Amazon has signed a letter opposing a raft of anti-LGBT legislation in Tennessee as the tech giant plans to expand its presence in the business-friendly state.
"Legislation that explicitly or implicitly allows discrimination against LGBT people and their families creates unnecessary liability for talent recruitment and retention, tourism, and corporate investment to the state," the open letter to Tennesse legislators states.
The Jeff Bezos-led behemoth joined Salesforce, Dell Technologies, Postmates, Warner Music Group, Nashville Ballet, Nashville Cares and more than a dozen other companies in urging legislative leaders to reject several bills currently making their way through the Tennessee legislature. A spokesperson for Amazon confirmed the company did sign the letter.
Tennessee lawmakers are currently debating or considering bills that would ban same-sex couples from adopting and getting married, and restrict transgender people's access to public bathrooms, according to the Tennessean.
The letter, which was posted by a bipartisan advocacy group called Freedom For All Americans, continues: "We’ve seen time and again that discriminatory policies that negatively impact LGBT people and their families have drastic economic consequences, and such policies would surely put Tennessee at an economic disadvantage."
Earlier this month, a group of activists sent a letter to members of Glamazons, the retail giant's LGBT employee resource group, asking them to pressure the company regarding Tennessee's anti-LGBT legislation.
"Thank you to Amazon, especially the Glamazons, for standing up for LGBTQ Tennesseans today by opposing this hateful and discriminatory legislation," said "No Gay? No Way!" campaign manager Conor Gaughan in a statement provided to Fox News. "It sends an important message to legislators here in Tennessee, and across the country, that Amazon – alongside America's best corporations – are taking notice of laws and policies in the states where they do business; there will be consequences when states threaten LGBTQ rights."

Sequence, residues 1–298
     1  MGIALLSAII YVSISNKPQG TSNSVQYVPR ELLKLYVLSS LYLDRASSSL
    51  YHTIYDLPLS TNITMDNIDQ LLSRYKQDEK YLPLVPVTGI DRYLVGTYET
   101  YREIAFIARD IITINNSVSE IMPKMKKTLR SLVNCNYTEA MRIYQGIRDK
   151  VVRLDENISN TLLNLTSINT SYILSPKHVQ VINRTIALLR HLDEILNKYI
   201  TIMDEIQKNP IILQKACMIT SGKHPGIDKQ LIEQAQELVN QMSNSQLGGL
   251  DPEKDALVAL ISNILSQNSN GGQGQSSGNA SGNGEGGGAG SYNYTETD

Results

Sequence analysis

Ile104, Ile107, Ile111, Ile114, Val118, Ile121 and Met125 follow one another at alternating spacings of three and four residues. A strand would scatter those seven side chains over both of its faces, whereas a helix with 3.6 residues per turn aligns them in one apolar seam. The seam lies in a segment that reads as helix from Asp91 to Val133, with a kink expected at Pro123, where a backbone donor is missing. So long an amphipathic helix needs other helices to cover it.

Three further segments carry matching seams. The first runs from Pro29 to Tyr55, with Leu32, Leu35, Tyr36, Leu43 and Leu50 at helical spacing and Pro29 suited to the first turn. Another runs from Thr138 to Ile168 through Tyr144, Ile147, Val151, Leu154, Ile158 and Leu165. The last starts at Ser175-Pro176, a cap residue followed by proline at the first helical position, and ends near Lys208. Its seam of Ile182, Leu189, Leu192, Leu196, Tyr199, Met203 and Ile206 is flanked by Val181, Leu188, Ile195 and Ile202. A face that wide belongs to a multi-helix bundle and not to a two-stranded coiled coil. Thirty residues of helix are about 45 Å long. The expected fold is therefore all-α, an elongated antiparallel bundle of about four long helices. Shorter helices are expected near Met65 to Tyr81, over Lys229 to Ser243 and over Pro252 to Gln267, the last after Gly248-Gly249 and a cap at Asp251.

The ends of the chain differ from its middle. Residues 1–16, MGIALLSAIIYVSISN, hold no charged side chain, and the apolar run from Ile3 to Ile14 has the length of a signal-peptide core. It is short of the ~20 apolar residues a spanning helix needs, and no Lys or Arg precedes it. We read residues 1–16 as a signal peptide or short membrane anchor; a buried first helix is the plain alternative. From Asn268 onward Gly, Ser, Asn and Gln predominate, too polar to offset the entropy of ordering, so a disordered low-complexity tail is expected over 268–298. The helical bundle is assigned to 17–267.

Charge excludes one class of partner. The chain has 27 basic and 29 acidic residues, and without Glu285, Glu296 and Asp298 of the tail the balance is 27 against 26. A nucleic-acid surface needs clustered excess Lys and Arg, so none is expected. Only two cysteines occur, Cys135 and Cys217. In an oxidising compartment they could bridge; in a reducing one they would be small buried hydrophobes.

Sponsors of the bills claim they are trying to protect "religious freedom."
Last March, the activist campaign called on Amazon to only consider LGBT-friendly states for its planned second headquarters. Amazon ultimately picked Virginia's Crystal City and New York, although it eventually pulled out of the latter after pressure from local advocates and politicians.
This isn't the first time that corporate America has played a role in opposing anti-LGBT legislation. A host of companies and organizations, including PayPal, the NCAA, Adidas and CoStar canceled plans to build, expand offices or host events in North Carolina – representing $3.7 billion in lost investment over 12 years according to an Associated Press analysis – during the debate over that state's 2016 "bathroom bill." The bill has since been partly repealed.
The open letter states: "As we recruit new talent and seek to retain our world-class workforce, we often face questions about whether our state is a welcoming and inclusive place to live for the LGBT community. It is both a business imperative and a part of our corporate values that our employees and their families, and potential employees, feel welcomed and included in the prosperity of our state."